Stormers will continue with game adjustment
It’s going to be interesting to see in the coming week what DHL Stormers captain Jean de Villiers was referring to when after the defeat to the Rebels he spoke of “hard decisions” needing to be made.
The TMO call that led to the awarding of a penalty try to the Rebels dominated some of the post-match comment in the media, but the Stormers were honest, and maybe even a bit over the top, in their own assessment of the defeat.
De Villiers, coach Allister Coetzee and senior player Bryan Habana (on twitter) all used the word “embarrassment” at some stage in the post-match fall-out.
The Stormers lost 30-21 but the irony is that they are being pilloried by fans in Cape Town who all season have been calling on them to make the game adjustment that they did make in Melbourne.
Those who weren’t at work and were therefore able to watch the rugby should have noticed that the Stormers approach in Melbourne was quite radically different to what it had been the previous week in Sydney, or for that matter in the other two tour matches before that.
The Stormers played a lot more off the flyhalf than they had been doing, they played the wide, possession orientated game everyone has been willing them to play.
As it turned out, and as one might have suspected it would, it meant something was sacrificed, and that was the physically suffocating defence that has been the Stormers strength for so long.
The two legitimate Rebels tries were made to look way too easy in the construction, and the Stormers just gave away too much momentum to a team that took its few opportunities.
This was partly unavoidable, as the loss of two big bruising loose-forwards in Duane Vermeulen and Rynhardt Elstadt in the closing minutes against the Waratahs had already shown what they meant to the Stormers’ system.
It was less Bryan Habana’s error of coming out of the defensive line in the last minutes and more the loss of those two players that led to the last-gasp defeat in Sydney as it was clear in the last 10 minutes that the Stormers had lost their defensive structure.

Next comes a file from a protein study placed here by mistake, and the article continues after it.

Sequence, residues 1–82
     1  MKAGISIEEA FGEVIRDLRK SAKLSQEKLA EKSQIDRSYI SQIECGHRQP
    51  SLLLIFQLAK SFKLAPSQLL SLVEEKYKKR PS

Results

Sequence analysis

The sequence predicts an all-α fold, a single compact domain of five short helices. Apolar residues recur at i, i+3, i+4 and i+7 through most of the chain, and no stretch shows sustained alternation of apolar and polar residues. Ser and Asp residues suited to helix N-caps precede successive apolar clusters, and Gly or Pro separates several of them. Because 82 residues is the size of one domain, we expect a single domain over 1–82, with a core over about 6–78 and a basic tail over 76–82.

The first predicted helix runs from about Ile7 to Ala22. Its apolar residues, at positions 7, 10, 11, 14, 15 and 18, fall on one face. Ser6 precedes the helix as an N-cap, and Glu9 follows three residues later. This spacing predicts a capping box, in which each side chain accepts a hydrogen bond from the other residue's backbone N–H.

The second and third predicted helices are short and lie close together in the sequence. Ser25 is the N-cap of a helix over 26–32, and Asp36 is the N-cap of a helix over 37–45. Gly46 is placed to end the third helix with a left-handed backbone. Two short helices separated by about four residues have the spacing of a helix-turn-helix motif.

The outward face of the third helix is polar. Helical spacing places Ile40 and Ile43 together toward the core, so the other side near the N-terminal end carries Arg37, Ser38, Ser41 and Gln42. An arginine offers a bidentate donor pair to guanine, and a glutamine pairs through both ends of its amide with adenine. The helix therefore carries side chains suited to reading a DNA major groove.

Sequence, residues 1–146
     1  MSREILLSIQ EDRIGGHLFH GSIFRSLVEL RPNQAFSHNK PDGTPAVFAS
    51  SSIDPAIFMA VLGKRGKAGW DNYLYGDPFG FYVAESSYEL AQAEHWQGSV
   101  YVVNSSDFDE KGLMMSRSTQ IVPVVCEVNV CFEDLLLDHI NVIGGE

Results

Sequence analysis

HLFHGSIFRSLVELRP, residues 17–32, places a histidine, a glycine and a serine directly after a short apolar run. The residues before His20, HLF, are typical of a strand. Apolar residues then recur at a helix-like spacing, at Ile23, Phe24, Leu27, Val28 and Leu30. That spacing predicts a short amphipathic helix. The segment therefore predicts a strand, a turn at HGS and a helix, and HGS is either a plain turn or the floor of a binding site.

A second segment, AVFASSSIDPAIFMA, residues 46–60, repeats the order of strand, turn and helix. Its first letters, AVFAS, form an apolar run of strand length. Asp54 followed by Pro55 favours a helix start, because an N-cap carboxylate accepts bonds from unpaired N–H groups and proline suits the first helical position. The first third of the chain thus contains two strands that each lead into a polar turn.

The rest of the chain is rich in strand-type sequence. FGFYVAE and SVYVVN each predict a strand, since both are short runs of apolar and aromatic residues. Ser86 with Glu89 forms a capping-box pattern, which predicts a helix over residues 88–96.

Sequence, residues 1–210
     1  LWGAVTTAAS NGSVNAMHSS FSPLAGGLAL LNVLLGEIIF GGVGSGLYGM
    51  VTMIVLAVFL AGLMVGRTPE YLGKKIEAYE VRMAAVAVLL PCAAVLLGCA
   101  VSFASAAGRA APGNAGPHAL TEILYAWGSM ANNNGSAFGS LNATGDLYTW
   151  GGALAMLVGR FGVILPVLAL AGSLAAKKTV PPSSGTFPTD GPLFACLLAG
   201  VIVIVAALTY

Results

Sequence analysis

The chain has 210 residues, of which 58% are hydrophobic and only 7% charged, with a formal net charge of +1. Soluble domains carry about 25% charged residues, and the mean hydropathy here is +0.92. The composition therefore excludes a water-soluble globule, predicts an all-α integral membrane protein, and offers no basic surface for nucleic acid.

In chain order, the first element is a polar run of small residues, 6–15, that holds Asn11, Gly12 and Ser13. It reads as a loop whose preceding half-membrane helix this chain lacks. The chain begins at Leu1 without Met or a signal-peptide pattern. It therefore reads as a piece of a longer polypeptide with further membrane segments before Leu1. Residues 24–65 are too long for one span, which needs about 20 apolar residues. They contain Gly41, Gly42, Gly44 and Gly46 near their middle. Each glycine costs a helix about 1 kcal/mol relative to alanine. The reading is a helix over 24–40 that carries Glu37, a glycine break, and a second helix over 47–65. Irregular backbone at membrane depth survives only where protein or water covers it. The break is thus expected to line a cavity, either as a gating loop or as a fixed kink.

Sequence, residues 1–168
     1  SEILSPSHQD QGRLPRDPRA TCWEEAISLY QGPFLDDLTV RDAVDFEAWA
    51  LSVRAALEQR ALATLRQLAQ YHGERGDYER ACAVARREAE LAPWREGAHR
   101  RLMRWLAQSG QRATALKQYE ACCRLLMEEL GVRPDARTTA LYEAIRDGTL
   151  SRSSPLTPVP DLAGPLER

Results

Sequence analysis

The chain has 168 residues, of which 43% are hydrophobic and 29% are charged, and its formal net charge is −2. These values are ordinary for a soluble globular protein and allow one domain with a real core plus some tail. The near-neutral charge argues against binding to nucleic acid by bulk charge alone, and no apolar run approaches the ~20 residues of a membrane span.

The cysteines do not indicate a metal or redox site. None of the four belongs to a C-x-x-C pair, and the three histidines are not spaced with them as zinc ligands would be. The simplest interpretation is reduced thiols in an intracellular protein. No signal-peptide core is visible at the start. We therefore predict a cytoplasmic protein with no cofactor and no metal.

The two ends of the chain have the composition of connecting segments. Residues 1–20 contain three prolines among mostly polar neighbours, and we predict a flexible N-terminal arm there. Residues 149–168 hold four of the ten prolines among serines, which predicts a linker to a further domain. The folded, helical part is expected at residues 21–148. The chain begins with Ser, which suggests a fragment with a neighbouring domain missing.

BUILDING FOR THE FUTURE
Vermeulen and Elstadt weren’t there in Melbourne so it didn’t require rugby rocket science to figure out before the game that there would be a game adjustment from the Stormers.
Nizaam Carr, who played well in Melbourne, is more the Andrew Aitken type of linking No 8 than the big bruising and physically imposing player that Vermeulen is.
Coetzee’s intention to play a more possession orientated attacking game was further telegraphed ahead of the Rebels match by the selection of the two halfbacks, Louis Schreuder and Elton Jantjies. The flyhalf in particular is a player who doesn’t fit the usual box in terms of what the Stormers expect from a pivot in their regular game-plan.
There is an interesting question to be asked about Jantjies as the Stormers now look forward to five games where results should be secondary to the purpose of building for next season.
It is understood that Jantjies will be heading back to the Lions at the end of the season, so what purpose would be served by him playing in the remaining matches?
Peter Grant says he will be ready to play again in two weeks, and Gary van Aswegen, if he is going to continue to be the alternative Stormers No 10 in 2014, will also offer more to the Stormers in terms of building for the future than Jantjies will.
While Grant is a few weeks away from returning to the playing field, Tiaan Liebenberg and De Kock Steenkamp are expected back in the selection mix for this week’s game against the Reds at Newlands.
Liebenberg’s return is a timely one as Scarra Ntubeni (hamstring) and Deon Fourie (ribs) are expected to be out for a few weeks, thus leaving a gap at hooker.
But Steenkamp’s return to fitness could introduce a headache for Coetzee if he is serious about using the remaining games in this year’s competition to build for the future.
Andries Bekker deserves to play out his last season with the Stormers after the yeoman service he has given the franchise, but there may be merit in resting him for a few games so that Steenkamp and Eben Etzebeth can start forming the combination that will take the Stormers forward.
Whatever the lock, hooker and flyhalf options are, however, for now it appears the Stormers will be committed to stick with the game adjustment that started in the match against the Rebels for the simple reason that the loss of personnel at loose-forward – Vermeulen, Elstadt and Michael Rhodes – has effectively robbed them of any alternative.